The Relationship Insurance Role of Financial Conglomerates ... The Relationship Insurance Role of Financial

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    The Relationship Insurance Role of Financial Conglomerates:

    Evidence from Earnings Announcements

    Jiun-Lin Chen, Gary C. Sanger and Wei-Ling Song*

    January 23, 2015


    Financial conglomerates have the opportunity to gather information from multiple sources, and to use that information in multiple ways. This paper uses earnings announcements to analyze the trading behavior and associated price impacts of relationship institutions, which have a lending or underwriting relationship with client firms and also hold client firms’ equities through their asset management divisions. We find that buying support from relationship institutions surrounding client firms’ negative earnings surprises mitigates both the negative initial impact on client firms’ stock prices and longer term post-announcement drift. The magnitude of these effects is economically important. Support by relationship institutions is also associated with less selling by other, independent institutions holding the same client firms’ shares. Further, price reactions to negative earnings surprises of unconnected firms (without any relationship institutions) are significantly larger. Our findings suggest that price support from relationship institutions helps resolve the uncertainty accompanying clients’ temporary earnings shocks, which can be considered welfare enhancing due to reduced noise in capital markets.

    JEL Classification: G12, G14, G21, G24

    Keywords: institutional trading, banking relationships, price support, earnings momentum

    * Jiun-Lin Chen ( is at the University of Adelaide; Gary C. Sanger ( is at the E.J. Ourso College of Business, Louisiana State University, and Wei- Ling Song ( is at the E.J. Ourso College of Business, Louisiana State University.

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    1. Introduction

    Institutional investors play important roles in financial markets and their actions may

    have diverse effects on both firms and market prices. For example, Chen, Harford, and Li (2007)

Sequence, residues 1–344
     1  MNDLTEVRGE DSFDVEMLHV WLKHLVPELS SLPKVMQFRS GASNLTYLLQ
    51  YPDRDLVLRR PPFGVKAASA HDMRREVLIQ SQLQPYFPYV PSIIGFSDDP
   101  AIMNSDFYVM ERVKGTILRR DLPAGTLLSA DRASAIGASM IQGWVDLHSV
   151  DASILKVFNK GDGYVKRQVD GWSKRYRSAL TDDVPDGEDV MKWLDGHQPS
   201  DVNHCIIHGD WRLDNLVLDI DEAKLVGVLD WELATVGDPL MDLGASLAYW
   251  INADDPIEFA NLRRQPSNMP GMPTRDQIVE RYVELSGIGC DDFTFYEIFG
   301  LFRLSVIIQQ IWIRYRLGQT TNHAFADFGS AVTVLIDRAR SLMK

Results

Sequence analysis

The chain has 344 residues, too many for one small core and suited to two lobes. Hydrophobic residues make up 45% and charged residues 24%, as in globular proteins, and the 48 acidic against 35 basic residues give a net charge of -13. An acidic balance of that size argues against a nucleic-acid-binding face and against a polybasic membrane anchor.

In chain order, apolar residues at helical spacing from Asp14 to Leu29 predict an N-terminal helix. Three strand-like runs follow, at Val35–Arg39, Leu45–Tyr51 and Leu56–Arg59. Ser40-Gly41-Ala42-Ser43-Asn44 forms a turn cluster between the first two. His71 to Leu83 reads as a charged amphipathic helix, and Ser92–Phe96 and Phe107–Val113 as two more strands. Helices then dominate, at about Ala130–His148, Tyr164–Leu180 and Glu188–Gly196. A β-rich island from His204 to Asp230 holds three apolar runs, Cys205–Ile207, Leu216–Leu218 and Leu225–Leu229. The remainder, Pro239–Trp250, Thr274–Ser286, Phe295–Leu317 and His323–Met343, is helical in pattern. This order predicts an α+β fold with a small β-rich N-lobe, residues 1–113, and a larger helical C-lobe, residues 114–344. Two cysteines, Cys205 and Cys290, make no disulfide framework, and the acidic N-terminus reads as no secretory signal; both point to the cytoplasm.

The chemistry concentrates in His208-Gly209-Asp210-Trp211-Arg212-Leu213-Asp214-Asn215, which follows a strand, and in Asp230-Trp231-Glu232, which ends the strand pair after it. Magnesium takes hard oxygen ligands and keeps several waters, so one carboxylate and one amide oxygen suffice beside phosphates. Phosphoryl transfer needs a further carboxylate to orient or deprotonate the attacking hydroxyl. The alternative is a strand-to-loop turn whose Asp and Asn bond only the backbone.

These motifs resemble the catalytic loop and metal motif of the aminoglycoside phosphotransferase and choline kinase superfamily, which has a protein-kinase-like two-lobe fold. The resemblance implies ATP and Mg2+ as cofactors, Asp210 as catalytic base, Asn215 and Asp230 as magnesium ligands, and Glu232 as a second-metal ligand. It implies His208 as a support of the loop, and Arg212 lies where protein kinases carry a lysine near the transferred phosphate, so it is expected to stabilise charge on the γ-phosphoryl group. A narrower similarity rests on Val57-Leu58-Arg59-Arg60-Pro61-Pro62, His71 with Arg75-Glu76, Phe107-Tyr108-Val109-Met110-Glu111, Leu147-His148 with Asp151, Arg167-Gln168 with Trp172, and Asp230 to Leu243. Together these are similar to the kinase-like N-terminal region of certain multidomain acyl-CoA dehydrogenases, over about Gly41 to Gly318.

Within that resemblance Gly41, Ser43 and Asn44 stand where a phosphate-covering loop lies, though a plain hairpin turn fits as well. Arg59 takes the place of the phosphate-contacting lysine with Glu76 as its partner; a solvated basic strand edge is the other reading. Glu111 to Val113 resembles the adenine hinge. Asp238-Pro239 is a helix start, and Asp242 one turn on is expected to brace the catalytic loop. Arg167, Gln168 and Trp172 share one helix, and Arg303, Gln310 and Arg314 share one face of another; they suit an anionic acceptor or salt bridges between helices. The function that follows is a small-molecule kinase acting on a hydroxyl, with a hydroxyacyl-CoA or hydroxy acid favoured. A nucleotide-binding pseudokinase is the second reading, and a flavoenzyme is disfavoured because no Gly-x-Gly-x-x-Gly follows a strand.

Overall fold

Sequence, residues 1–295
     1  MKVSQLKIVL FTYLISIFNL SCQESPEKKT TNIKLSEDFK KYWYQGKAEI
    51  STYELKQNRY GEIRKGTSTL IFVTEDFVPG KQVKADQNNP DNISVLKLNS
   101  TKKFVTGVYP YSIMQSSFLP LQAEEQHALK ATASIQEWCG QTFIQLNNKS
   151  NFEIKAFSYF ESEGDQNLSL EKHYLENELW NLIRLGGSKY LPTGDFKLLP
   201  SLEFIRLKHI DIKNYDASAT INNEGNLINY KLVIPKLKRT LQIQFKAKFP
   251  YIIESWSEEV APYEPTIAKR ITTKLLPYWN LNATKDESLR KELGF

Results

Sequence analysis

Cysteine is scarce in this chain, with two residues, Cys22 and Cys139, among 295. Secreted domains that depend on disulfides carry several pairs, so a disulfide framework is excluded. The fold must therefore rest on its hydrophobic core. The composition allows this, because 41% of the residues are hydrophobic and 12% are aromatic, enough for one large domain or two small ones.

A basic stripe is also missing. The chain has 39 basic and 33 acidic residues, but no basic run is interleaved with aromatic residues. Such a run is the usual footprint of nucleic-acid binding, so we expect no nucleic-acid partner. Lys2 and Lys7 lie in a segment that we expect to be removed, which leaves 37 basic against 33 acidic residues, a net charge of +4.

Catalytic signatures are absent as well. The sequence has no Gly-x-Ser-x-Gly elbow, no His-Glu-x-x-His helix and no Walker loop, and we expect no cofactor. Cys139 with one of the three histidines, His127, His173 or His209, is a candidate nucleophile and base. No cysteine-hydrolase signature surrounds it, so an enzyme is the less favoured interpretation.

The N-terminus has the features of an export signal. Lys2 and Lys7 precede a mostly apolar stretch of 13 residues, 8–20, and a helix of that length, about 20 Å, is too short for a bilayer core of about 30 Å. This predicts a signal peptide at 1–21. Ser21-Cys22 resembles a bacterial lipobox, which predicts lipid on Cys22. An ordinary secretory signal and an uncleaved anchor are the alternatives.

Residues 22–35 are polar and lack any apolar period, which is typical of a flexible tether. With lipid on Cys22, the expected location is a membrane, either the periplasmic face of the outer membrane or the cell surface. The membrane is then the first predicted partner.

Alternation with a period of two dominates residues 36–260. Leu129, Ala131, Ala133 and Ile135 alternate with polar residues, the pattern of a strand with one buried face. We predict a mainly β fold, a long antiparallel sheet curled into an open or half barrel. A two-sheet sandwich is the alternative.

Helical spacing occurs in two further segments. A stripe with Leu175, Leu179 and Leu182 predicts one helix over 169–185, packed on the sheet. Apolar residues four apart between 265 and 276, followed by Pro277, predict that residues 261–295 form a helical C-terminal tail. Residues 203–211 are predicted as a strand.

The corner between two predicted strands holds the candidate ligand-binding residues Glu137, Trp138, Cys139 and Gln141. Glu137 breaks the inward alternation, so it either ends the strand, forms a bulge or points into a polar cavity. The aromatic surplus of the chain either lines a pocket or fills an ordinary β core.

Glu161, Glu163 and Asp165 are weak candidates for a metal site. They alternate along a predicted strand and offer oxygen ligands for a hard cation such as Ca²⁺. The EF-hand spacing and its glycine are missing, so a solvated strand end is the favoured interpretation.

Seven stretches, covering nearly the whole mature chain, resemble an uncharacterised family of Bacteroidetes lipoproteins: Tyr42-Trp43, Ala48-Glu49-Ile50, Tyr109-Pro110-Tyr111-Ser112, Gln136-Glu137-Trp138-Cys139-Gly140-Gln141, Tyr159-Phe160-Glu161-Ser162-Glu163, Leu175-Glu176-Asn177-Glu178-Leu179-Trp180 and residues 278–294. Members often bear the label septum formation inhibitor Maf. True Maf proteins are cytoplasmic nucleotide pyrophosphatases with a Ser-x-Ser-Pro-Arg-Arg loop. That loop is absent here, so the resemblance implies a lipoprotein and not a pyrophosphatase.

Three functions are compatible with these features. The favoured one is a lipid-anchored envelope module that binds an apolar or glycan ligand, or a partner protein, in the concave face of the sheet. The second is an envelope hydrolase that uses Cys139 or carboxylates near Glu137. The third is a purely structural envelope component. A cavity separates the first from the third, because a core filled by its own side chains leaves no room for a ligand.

document the monitoring role of institutional investors, while Cella, Ellul, and Giannetti (2013)

    provide evidence of price pressure by short-term institutional investors during times of market

    turmoil. Allen, Morris, and Shin (2006) demonstrate theoretically that stock price can deviate

    from its liquidation value when traders are motivated to second- and third-guess other traders in

    order to profit from short-run price movements. In their model, even long-lived traders with a

    preference for smoothing consumption over time will care about short-run price movements. It

    follows that firms may have a desire to maintain smooth stock prices.

    In light of the above discussions, this paper proposes a price support role for a special

    type of institutional investor which we term a “relationship institution”. This is defined as an

    institutional investor which has a lending or underwriting relationship with a client firm and also

    holds the clients’ equities through its asset management divisions. We hypothesize that, given

    the fees or interest payments collected from client firms, relationship institutions may have the

    incentive to support clients’ stock prices, especially in the short run. Relationship institutions, as

    long term business partners, can strengthen their relationships with client firms by purchasing

    clients’ stocks especially during periods of selling pressure by other types of institutions.

    The prevalence of this type of relationship has increased dramatically due to regulatory

    change. The gradual relaxation of the Glass-Steagall Act, culminating with passage of the

    Gramm-Leach-Bliley Act in 1999 has resulted in complex relations among diverse financial

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    institutions (Lown, Osler, Strahan, and Sufi, 2000).1 These relations and their consequences for

    the functioning of capital markets have also attracted wide attention by researchers. It is not

    uncommon for a financial conglomerate to both aid firms in fund raising (either lending, IPO or

    SEO equity financing) and to invest in the same firms’ equity through one or more of its asset

    management subsidiaries. These financial institutions have economies in acquiring and

    producing information on their client firms as a byproduct of their lending/underwriting

    relationships. By exploiting economies of scale and scope, financial institutions can accumulate

    private information about their clients and share this information firm-wide. For example,